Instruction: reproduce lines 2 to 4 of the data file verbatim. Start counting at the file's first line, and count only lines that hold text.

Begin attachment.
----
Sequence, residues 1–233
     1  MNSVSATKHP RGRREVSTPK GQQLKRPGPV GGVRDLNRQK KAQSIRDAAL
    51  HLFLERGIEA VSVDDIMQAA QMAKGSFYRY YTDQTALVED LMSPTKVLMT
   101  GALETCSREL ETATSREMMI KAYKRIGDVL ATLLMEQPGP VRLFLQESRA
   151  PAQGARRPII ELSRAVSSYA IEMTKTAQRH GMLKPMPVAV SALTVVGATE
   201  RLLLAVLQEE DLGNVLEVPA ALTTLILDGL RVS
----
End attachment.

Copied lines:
     1  MNSVSATKHP RGRREVSTPK GQQLKRPGPV GGVRDLNRQK KAQSIRDAAL
    51  HLFLERGIEA VSVDDIMQAA QMAKGSFYRY YTDQTALVED LMSPTKVLMT
   101  GALETCSREL ETATSREMMI KAYKRIGDVL ATLLMEQPGP VRLFLQESRA